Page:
The plan offered here is anchored by a high-rise building in the core area, straddling both rail lines and Main Street. Building over the rails and street provided a covered (but well ventilated) space for passengers transfering between trains and from automobiles or buses to trains. It also makes more efficient use of the limited space. Since the rail lines are on separate levels, passengers would transfer between them using escalators and elevators. A bus terminal for local and regional service, also under cover, would be located nearby, probably on the same level as Main Street and the MC rail line. Above the transportation levels would be retail space, and above that, office, hotel and possibly residential space as well.
In the south central areas along Depot Street and Main Street, compact residential development consisting of apartments or townhouses could be built. An existing three-story office structure recently completed at 201 Depot Street would fit nicely into this area.
The property highlighted in blue, currently the city utility yard, could also be developed as compact residential or mixed-use space. A related alternative is to use the space as an arts and creativity center. (This idea was proposed at a Calthorpe town meeting sponsored by the Downtown Development Authority.) The purpose of such a center is to encourage artistic creativity as an essential part of Michigan's economic development. Evidence shows that where creative arts flourish, engineering and technological creativity thrives in conjunction. A creativity center would include affordable living space, studio facilities, galleries, and performance spaces, as well eating and entertainment venues.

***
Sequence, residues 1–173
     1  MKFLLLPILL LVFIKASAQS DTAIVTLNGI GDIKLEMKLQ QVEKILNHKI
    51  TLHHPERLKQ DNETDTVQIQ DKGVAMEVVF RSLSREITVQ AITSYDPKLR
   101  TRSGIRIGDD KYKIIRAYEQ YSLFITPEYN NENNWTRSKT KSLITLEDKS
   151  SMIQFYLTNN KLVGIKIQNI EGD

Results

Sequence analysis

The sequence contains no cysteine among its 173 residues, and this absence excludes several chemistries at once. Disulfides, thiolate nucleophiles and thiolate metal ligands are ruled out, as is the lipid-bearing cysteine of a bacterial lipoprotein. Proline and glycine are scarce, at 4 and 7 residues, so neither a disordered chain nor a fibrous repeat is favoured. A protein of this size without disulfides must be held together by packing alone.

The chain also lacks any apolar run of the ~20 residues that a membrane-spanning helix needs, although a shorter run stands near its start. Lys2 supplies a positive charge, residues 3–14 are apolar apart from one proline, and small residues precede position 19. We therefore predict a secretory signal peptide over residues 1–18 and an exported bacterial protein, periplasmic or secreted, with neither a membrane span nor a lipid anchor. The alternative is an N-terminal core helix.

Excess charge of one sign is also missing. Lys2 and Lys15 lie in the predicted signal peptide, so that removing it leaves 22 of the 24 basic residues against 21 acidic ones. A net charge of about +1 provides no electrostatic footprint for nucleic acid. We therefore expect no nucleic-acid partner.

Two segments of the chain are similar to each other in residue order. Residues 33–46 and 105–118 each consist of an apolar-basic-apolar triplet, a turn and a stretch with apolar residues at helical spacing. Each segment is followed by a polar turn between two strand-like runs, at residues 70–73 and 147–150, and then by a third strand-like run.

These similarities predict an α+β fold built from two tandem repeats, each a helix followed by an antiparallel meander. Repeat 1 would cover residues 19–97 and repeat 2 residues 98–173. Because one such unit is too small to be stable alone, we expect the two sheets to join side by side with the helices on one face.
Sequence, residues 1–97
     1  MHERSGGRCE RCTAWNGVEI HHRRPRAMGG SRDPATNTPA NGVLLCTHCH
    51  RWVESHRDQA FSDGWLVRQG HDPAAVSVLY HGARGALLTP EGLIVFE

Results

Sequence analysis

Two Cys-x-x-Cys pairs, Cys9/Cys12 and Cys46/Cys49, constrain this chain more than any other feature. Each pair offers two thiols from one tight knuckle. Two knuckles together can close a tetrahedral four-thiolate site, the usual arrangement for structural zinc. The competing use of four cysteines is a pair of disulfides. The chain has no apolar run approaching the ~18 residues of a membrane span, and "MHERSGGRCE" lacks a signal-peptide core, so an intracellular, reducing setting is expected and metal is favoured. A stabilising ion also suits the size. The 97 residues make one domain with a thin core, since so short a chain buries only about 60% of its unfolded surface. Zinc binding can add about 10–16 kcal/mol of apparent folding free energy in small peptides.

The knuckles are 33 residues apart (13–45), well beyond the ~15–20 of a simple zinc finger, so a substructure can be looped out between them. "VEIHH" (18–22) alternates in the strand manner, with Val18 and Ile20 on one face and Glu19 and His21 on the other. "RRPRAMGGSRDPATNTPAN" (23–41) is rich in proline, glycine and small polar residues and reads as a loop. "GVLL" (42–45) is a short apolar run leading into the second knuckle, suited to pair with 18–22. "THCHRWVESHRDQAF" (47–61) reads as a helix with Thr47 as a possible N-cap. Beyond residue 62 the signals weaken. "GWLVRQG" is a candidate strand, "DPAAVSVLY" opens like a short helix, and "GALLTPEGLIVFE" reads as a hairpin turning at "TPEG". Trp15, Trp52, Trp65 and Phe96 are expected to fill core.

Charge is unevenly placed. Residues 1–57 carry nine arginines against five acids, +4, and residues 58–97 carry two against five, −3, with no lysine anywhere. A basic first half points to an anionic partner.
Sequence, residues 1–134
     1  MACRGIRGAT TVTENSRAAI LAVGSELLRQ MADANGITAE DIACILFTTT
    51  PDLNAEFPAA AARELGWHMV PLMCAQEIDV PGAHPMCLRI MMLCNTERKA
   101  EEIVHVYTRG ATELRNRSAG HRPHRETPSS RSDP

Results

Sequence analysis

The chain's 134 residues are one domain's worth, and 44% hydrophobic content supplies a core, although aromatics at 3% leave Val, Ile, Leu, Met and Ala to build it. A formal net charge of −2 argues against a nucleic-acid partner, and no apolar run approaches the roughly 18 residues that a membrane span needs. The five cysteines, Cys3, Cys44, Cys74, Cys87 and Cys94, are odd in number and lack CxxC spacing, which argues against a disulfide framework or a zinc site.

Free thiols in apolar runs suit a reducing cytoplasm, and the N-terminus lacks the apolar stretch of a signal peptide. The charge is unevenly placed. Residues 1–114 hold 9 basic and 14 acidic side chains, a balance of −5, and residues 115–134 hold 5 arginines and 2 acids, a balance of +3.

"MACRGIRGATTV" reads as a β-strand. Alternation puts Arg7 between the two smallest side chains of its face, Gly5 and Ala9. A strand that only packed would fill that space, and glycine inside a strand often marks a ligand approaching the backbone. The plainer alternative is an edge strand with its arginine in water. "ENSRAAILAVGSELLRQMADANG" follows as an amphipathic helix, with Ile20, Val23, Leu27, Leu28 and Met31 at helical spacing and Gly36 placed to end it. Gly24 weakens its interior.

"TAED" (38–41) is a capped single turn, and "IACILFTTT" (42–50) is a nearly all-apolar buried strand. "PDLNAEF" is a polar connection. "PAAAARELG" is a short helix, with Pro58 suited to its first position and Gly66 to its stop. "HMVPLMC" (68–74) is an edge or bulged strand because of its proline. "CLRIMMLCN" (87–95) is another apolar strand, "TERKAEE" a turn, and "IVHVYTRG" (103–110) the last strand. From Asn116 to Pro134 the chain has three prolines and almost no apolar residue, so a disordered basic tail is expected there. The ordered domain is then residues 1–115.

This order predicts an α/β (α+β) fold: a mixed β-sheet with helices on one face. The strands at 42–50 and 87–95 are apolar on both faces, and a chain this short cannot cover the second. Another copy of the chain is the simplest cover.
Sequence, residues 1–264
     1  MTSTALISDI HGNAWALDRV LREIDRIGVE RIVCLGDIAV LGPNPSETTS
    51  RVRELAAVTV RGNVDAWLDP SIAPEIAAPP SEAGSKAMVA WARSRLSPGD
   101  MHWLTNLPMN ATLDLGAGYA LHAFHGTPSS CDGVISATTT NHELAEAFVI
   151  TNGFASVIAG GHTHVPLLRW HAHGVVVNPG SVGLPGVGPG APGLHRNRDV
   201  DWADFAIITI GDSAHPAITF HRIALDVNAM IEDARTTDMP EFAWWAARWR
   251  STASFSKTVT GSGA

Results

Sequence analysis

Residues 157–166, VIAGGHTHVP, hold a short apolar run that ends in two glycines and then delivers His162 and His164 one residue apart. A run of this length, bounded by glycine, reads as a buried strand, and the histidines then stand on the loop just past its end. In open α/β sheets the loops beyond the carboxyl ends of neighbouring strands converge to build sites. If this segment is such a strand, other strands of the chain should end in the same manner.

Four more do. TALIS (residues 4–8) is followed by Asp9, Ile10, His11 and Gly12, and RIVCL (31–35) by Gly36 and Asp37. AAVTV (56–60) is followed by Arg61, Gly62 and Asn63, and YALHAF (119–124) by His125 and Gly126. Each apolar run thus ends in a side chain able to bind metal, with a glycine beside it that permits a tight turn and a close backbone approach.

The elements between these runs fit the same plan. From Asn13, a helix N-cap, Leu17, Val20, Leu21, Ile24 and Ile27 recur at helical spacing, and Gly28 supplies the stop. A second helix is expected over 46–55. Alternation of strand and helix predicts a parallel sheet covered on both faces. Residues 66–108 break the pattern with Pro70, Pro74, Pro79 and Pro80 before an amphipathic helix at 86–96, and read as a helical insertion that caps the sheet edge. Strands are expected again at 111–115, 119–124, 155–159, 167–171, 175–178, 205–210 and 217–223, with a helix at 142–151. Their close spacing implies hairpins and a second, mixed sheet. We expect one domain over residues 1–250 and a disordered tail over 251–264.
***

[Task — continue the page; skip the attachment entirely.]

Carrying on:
The green areas on the map are actually "brown": either parking lots, small buildings, or potentially contaminated land. Their location near the river makes them ideal for recreation and urban farming, once they are remediated.